Ran into this guy in a late-night coffee shop where he was bragging about his court case. I didn’t think much of it at the time but checked out his court appearance next morning. I’m glad I did. This was a national release on the Canadian Press wire.
Behead parking meters for treason!
Nelson Daily News
Oct. 17 1975
Human rights advocates coud learn a lot form the likes of John Alfred Fenwick-Jones, freedman of the realm.
“I’m a revolutionary in some ways,” he says, “but not by violence. I use the tools of the oppressor and the oppressor is the law.”
His tools in this case, include nothing less than the Magna Carta, the legal foundation of British democracy that was signed under duress by King John in 1215 and ratified 10 years later by Henry II.
The oppressor is the lowly parking meter. “I’ve had a pet aversion to parking meters ever since I can remember,” says Fenwick-Jones, emitting a joyful, heaving belly-laugh highly reminiscent of baying bloodhounds, hot on the trail. He’s never paid a parking ticket in his life, though he has 11 outstanding fines collected in Nelson. He’s never put money in a parking meter, either.
And in provincal court Thursday, he told Judge R. B. Allan why. Collecting money from parking meters is treason, he said, and he doesn’t want to be an accessory.
“You could behead a marking meter,” he said in an interview later. “That’s the penalty for treason.”
And in court Thursday, she showed how serious he was.
“I’m here because I have a desire to be a Canadian, and to live up to the rights and responsiblities of being a Canadian,” he said in his defense summary. “I’m convinced there’s been an error in law… that threatenes the very existance of Canada iteslf.”
Seldom have the judicial feathers been so ruffled.
Crown proesecuror Lee Portous said Fenwick-Jones’ defence challenges the constitutionality of the Municipal Act, the authority of the provincial legislature and the British North America Act.
The attorney-general should be notified as to constitutional rguments, she said.
Judge Allan ordered the case remanded until Nov. 14, giving the Crown atttorney’s office time to prepare for the case.
The rationale behind Feniwck-Jones defense runs something like this:
The Magna Carta, which licences theBritish Parliament, guarantees freedmen and merchants free access to the highways, byways and rivers of the realm. The nobles and barons that presented King John with that document in 1215 just about tore his left arm off before he would sign,” said Fenwick-Jones. But Henry II affirmed the document of his own free will in 1225 and its been affirmed by every monarch ever since.
Fenwick-Jones happens to be a freedman of the realm because, he told the court, he is the oldest son of his London-born father, and served in the army detachment of William Lyon Mackenzie King’s funeral, which is the equivalent of servce as a castle guard.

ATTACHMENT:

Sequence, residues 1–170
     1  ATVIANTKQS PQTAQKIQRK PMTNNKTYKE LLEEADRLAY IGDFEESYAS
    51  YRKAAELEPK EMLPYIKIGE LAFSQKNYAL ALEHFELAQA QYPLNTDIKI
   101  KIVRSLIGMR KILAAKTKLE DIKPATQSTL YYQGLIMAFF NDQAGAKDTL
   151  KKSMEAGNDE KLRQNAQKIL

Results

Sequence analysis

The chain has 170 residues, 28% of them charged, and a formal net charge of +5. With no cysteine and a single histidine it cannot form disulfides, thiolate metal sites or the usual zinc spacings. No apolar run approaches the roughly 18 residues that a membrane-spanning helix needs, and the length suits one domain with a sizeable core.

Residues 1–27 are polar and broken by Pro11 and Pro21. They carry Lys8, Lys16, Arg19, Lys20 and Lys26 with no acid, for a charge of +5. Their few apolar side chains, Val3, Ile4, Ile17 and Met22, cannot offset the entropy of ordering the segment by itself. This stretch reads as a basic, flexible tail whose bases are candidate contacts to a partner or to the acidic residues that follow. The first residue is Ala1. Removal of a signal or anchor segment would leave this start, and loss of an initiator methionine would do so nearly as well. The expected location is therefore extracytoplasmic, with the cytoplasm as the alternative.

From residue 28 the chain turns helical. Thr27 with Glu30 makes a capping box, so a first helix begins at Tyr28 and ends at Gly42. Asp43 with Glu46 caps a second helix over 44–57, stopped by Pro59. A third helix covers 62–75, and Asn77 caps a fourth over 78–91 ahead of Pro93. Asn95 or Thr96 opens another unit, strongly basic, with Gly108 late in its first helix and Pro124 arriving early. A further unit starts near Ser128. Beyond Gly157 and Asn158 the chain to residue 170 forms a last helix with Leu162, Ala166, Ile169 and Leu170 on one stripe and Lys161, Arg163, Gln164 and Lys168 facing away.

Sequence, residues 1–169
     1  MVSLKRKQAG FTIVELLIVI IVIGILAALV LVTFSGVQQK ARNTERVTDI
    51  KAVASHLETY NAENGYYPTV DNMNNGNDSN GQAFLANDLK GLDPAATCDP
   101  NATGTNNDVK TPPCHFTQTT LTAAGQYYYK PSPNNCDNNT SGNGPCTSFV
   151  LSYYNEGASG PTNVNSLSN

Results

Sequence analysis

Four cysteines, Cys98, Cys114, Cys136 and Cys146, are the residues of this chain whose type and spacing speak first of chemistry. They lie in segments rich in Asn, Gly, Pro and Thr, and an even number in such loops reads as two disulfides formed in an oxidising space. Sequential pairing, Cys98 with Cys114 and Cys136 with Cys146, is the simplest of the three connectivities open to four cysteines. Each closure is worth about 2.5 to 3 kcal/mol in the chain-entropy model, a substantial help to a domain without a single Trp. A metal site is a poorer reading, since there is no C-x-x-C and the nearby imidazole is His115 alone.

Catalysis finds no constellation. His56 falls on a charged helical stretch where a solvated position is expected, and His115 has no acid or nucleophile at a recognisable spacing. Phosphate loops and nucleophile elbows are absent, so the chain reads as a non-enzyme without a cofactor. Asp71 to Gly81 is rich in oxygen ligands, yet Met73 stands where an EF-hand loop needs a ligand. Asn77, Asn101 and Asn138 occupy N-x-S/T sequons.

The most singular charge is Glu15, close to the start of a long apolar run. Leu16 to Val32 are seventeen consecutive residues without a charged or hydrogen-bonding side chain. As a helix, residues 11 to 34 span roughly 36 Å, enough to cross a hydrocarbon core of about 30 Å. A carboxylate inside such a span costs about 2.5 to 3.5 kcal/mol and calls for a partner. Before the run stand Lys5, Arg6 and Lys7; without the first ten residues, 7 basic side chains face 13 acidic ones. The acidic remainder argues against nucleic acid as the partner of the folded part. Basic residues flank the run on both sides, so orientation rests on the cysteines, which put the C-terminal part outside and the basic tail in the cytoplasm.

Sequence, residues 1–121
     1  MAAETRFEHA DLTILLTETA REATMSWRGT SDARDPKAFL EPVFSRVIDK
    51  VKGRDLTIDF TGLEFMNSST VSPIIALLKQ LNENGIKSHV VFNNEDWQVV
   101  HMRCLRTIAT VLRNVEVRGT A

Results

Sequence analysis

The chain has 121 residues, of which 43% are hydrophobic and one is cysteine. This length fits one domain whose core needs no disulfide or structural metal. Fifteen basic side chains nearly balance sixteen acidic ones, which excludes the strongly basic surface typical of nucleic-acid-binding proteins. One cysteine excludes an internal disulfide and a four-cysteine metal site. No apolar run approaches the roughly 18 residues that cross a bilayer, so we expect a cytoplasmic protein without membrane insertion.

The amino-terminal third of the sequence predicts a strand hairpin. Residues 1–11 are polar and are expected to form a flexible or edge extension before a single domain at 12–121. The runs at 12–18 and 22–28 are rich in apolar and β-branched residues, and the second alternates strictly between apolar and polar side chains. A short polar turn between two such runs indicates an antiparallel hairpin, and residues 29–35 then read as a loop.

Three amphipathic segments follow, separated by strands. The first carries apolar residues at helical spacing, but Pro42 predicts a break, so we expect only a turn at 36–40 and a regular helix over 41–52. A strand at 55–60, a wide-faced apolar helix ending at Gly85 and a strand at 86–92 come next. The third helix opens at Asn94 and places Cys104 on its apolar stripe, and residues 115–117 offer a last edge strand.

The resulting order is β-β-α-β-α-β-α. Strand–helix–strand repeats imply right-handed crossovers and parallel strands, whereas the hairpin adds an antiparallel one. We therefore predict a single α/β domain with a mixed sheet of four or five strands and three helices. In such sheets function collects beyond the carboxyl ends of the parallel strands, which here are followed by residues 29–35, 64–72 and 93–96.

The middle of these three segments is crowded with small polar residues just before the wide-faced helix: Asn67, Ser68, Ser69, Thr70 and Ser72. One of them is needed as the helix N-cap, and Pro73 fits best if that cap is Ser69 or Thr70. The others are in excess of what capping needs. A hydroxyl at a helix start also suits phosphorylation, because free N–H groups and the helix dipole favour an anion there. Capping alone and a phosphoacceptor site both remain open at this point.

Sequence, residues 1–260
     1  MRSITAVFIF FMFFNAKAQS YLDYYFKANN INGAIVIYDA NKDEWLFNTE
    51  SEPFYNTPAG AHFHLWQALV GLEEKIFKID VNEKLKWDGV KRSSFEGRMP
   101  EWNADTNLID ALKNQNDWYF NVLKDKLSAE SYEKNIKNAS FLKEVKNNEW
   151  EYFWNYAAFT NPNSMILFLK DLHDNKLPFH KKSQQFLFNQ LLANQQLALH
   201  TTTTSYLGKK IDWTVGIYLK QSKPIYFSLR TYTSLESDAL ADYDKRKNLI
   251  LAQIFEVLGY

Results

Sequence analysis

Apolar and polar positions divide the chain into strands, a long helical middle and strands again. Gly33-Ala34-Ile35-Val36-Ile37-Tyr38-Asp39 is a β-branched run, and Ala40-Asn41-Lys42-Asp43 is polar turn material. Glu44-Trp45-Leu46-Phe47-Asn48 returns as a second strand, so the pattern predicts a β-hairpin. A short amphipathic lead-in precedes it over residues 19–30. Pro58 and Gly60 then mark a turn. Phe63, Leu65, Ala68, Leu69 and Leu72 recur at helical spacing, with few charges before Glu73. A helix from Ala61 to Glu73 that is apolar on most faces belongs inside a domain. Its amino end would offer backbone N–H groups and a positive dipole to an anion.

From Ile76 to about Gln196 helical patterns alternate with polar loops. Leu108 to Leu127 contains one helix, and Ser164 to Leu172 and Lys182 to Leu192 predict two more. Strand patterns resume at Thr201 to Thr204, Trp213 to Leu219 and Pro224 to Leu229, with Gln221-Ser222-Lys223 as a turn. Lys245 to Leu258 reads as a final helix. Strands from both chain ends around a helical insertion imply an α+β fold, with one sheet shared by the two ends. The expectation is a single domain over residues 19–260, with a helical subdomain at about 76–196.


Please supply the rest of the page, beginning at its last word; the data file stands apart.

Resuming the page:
But the same privileges apply to those who are not freedmen, thanks to amendments to the charter written in 1643 by Sir Howard Coke, extending the privileges to everybody.
The British North America Act in 1867, and the 1931 Statute of Westminister which gave Canada’s parliament the same autonomy as the British Parliament, trace their lineage directly to the Magna Carta, said Fenwick-Jones.
Both Canadian and British parliaments are licencesed by the Magna Carta, said Fenwick-Jones, and it cannot be revoked.
Parking meters contravene Articles 41 and 42 of the Magna Carta, which guarantees free access to public roads, he contends.
So when charged with parking violations, he refused to state “guilty” or “not guilty”, entering instead a plea of right in defence of the crown, the realm and the dominion of Canada.
Much the same plea was entered by Charles I who was charged before Oliver Cromwell with usurping the authority of parliament, he said.
Charles I got beheaded.
The court entered his pleas as “not guilty”.
In order to base his defence on the refusal to comply with a treasonous act, he says, he had to swear an oath of allegiance to the Crown, voluntarily surrender harms and place himself as a hostage before the Crown.
He says he dug up a World War I British .303 calebre rifle, which he surrendered at the sherrif’s office. He also signed an affidavit certifying his allegiance, and turned himelf in as a hostage to the Crown. For the duration of the trial, he says, “They can do anything they want with me.”
So far, the Crown has left its hostage alone.
“I have a great inerest in English history and law,” he told the court. “English law is the only law in the world that guarantees justice, not law.”
He cites article 40 of the Magna Carta: “to no one will we sell, to no one deny or delay a right or justice.”
The Magna Carta guarantees 64 rights, he said later, and all but eight are gone. “They’ve been exchanged for an illusion of security but the illusion gets pretty thin at times.”
He says some of our lost rights include the right to fish in any waters, the right to free and unfettered use of lands, protection from income tax, first instituted as a war measure in 1971 and the right to bear and use arms in defence of those rights.
But worse, “our identity’s been lost,” Citizens are no longer aware of their rights and responsibilities, he says.
He’s spent about $500 preparing for his trial, he says, but if he wins, parking meters won’t be forced out of business. In all probability, they’ll make parking revenue a legal tax by modifying the meters to issue receipts, he says.
But there are other rewards. If the court decides in his favor, he may become a Knight Protector of the Realm, according to medieval tradition.
Don Quixote would be proud.